Demystifying Pilates: Explore Your Core

by Kimberly Alt-Brinser, E-RYT 200


Have you ever seen a Pilates class listed on the Group Exercise schedule and wondered what in the world Pilates is? You are certainly not alone.

Pilates is a core workout named after Joseph Pilates. Growing up, Joseph was physically challenged with asthma, rickets, and rheumatic fever. Each of these ailments inspired Joseph to become physically strong and recover while also sparking a fascination for natural movement, anatomy, and therapeutic movement as an aid for healing both animals and humans.

After World War I, Joseph started to work with bedridden patients. He used bedsprings to develop a mechanism which helped support and strengthen his patients to regain functional movement; thus, the Pilates Reformer was created. Joseph’s methodology focused on the core, or “powerhouse” of the body, and placed an emphasis on strength from the hips to the shoulders. He became known for using precision in his exercises to control the body—something we now call “controllogy.”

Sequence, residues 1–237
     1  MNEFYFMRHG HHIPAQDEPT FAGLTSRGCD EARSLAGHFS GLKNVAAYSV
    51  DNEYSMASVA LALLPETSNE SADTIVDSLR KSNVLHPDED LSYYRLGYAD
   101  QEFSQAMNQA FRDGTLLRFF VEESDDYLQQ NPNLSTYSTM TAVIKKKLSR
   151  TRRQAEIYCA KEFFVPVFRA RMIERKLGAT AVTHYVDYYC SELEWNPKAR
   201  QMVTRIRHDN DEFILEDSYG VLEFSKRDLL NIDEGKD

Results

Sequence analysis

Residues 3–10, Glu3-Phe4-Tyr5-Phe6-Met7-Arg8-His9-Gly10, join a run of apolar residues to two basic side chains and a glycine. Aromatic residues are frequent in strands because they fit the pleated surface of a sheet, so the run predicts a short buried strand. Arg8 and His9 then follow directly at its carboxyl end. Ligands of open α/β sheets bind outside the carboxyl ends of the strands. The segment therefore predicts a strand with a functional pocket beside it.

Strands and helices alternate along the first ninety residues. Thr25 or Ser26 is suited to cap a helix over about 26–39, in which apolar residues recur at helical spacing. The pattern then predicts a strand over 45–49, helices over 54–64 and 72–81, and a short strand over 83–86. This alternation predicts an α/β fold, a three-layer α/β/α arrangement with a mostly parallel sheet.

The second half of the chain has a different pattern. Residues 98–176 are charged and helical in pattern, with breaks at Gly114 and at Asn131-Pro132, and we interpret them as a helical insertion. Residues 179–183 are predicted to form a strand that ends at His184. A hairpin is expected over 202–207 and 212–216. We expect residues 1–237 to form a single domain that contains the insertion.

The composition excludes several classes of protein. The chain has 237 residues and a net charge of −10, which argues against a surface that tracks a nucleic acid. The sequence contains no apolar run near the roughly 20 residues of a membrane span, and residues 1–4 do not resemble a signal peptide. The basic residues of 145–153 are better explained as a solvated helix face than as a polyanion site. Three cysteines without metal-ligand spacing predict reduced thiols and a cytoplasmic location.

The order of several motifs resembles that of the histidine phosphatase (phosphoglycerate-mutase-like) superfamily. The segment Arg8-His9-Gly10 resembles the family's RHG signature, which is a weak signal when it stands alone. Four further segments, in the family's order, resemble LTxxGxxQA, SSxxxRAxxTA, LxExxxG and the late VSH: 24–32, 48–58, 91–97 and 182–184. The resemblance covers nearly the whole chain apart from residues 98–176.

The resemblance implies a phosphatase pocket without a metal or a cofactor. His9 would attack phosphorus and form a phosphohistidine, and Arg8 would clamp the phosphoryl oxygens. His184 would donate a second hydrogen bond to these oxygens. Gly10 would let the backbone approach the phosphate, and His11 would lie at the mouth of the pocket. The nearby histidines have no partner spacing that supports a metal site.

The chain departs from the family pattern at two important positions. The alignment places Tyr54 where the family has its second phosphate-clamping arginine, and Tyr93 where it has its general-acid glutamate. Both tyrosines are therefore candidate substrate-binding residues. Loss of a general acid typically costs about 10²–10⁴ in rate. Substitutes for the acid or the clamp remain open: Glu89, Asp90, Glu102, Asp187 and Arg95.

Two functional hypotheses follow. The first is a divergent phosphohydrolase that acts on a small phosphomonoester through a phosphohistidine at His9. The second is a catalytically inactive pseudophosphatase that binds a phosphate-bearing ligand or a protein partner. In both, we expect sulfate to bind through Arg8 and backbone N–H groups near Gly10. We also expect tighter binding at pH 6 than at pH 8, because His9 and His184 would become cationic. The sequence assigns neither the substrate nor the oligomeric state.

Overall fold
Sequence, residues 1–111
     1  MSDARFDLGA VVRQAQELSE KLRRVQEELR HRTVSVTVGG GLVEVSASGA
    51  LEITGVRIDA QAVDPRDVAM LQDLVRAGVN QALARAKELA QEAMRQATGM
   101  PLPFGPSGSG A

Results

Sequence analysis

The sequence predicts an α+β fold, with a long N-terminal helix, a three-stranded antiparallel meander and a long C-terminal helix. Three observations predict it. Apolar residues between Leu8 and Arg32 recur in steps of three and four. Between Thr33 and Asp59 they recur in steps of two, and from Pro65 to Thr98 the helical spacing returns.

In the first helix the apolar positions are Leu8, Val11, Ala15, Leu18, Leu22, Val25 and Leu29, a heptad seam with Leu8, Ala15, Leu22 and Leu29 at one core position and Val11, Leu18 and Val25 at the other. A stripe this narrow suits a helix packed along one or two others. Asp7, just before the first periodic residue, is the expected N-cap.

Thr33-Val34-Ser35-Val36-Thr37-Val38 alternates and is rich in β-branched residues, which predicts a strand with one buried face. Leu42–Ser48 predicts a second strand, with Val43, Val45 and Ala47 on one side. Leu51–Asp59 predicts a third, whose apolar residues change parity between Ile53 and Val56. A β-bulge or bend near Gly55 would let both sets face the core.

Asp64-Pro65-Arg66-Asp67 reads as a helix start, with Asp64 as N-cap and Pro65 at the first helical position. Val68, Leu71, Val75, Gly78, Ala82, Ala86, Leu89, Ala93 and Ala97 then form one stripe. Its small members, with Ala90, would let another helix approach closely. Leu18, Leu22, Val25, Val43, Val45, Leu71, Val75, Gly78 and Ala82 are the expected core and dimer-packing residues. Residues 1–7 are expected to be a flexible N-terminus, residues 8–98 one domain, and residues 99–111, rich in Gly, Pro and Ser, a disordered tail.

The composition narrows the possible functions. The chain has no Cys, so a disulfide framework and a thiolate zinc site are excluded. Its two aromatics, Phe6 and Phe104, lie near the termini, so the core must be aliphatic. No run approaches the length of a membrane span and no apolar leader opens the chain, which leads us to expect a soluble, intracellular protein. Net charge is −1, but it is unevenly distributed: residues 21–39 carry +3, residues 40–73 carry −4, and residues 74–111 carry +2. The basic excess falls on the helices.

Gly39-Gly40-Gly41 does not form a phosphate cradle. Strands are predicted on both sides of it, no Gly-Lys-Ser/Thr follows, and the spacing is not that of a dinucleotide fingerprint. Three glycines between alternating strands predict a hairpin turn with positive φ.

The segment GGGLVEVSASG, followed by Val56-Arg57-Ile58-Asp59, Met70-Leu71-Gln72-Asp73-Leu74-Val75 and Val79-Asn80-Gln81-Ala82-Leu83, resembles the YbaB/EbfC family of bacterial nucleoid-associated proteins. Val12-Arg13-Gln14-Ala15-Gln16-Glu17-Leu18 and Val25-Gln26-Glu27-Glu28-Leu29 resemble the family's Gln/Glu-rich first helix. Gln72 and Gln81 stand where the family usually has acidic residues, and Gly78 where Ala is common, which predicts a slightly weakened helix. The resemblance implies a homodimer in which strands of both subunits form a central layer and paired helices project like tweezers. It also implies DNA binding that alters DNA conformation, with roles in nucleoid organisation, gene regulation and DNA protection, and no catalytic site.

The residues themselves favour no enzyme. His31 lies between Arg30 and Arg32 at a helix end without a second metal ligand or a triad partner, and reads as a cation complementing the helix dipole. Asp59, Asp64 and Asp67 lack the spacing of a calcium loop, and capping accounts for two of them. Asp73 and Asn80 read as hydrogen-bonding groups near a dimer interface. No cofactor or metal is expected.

My first exposure to Pilates was in the 1980’s. My sister had ordered a few exercise videos from Sports Illustrated Magazine, one featuring Christie Brinkley and focusing on an abdominal workout called Pilates. I saw my sister’s body transform after consistently exercising with her videos and purchased the Windsor Pilates video soon after. Many years later, I was diagnosed with serious spinal issues after suffering from arthritis. My doctor recommended that I again train for Pilates—I am so glad I did! Finding my core strength through Pilates has helped me deal with the debilitating occurrences of my spine.

Is Pilates easy? Of course not! Any exercise routine that truly works takes commitment. It’s a practice that will allow you to grow stronger and stand taller. Perhaps with consistency you may achieve a nice six pack, but more importantly you’ll gain greater durability; for me and others with similar back problems, a strong core is key to aid better posture and back health.

I would like to challenge you to explore a Pilates class. After practicing Pilates both at home with my exercise videos and in person with an experienced teacher, I must say that a video does not even compare to a mat Pilates or Reformer class. A teacher can assist and guide a student to proper alignment while emphasizing controllogy. Plus, it’s easier to measure your progressions when surrounded by other students and a teacher who is observing your every movement. Leave your expectations of perfection outside the door, enter the room, and have some fun with the amazing healing practice of Pilates.